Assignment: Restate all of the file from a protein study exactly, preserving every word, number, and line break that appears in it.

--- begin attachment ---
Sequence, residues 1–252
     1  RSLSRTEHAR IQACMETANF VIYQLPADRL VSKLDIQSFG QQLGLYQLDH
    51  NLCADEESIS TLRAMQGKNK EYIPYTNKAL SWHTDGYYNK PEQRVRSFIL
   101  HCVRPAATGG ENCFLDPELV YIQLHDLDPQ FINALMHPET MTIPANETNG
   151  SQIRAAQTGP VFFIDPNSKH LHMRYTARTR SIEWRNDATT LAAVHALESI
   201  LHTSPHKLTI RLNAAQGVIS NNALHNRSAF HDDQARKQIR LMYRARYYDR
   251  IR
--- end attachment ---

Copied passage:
Sequence, residues 1–252
     1  RSLSRTEHAR IQACMETANF VIYQLPADRL VSKLDIQSFG QQLGLYQLDH
    51  NLCADEESIS TLRAMQGKNK EYIPYTNKAL SWHTDGYYNK PEQRVRSFIL
   101  HCVRPAATGG ENCFLDPELV YIQLHDLDPQ FINALMHPET MTIPANETNG
   151  SQIRAAQTGP VFFIDPNSKH LHMRYTARTR SIEWRNDATT LAAVHALESI
   201  LHTSPHKLTI RLNAAQGVIS NNALHNRSAF HDDQARKQIR LMYRARYYDR
   251  IR